Two brothers are shareholders in the company owning the farm. The brothers were the borrowers, the company was the guarantee. The company gave a mortgage over the farm to secure its obligations under the guarantee. Their liability was joint and several. A mortgage was granted over the farm by the company and a company guarantee was also given. The lender sought summary judgment for recovery of the debt against the brothers and to strike out parts of the defence of the company.
The brothers claimed by way of defence that:
- they were not authorised to sign the loan offers on behalf of the company, not being directors only shareholders. Hence the security was invalid and this discharged their obligation to repay; and
- no mediation notice was given under the Farm Debt Mediation Act 1994.
The court agreed the authority of the brothers to sign the loan offers on behalf of the company raised a triable question as to the validity of the security over the farm but not the liability of the brothers as principal borrowers. The court found nothing in the loans which made their liability to repay dependent upon the security being enforceable.
No mediation notice
Section 8 Farm Debt Mediation Act 1994 prevents enforcement action in respect of a farm mortgage until a notice as to mediation is given to the farmer and a section 11 certificate ultimately issued. Enforcement action is defined to mean taking possession under the mortgage or other action to enforce the mortgage.
Although the brothers were farmers, they had not given the mortgage–it was the company. Accordingly no notice to the brothers was required.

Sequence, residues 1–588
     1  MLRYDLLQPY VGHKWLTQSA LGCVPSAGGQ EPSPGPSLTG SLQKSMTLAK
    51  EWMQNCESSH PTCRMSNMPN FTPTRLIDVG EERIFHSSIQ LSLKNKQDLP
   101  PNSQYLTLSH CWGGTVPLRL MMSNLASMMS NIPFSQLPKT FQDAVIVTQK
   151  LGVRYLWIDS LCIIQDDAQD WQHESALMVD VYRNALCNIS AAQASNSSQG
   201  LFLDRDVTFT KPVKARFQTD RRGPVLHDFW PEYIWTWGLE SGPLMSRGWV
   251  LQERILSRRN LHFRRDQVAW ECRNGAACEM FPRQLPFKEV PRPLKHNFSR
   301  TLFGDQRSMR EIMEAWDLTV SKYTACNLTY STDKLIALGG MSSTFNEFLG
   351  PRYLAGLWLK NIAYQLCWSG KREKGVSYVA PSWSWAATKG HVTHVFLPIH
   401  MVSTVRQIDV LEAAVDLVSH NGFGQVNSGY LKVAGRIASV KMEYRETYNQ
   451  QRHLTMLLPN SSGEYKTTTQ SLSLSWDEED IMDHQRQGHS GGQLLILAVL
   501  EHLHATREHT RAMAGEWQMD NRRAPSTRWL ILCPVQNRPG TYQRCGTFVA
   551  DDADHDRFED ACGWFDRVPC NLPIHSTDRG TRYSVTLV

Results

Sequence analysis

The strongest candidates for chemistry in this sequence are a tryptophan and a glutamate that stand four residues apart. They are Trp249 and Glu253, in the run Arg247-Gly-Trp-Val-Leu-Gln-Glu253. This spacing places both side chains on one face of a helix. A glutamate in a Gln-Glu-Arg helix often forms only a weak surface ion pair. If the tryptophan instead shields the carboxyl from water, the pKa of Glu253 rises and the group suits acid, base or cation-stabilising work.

- The company argued that there was no consideration for its guarantee because it did not receive the moneys lent;
- The directors breached their obligations by allowing the company to give the guarantee and the lender knew this; and
- The certificate under the Farm Debt Mediation Act 1994 was invalid on two grounds:
• One of the debts was not a farm debt but a refinancing; and
• Some of the debts claimed were not included in the certificate.
Lack of consideration
Although there must be consideration for a contract, the consideration from the promise (lender) does not need to move to the promisor (company).
The court found that the lender made advances to or for the benefit of the brothers. Those advances were manifestly sufficient consideration to support a guarantee.
Accessorial liability requires that the bank knowingly induced or procured breaches.
The court noted this defence was not pleaded correctly and gave leave to replead noting that such an allegation would be a serious one.
The validity of the certificate
Section 11 Farm Debt Mediation Act 1994 requires the authority to be satisfied that “satisfactory mediation has taken place in respect of the farm debt involved“, not that satisfactory mediation has taken place in respect of, and only in respect of, the farm debt involved. The court found that provided there has been a mediation in respect of the farm debt involved, there is nothing in the language of the Act and no reason of principle or policy why the mediation could not extend to other debts.
As regards the farm debts not included in the certificate, the court noted that any additional advances included in the certificate could be objected to and gave leave for the company to identify those debts in its pleadings.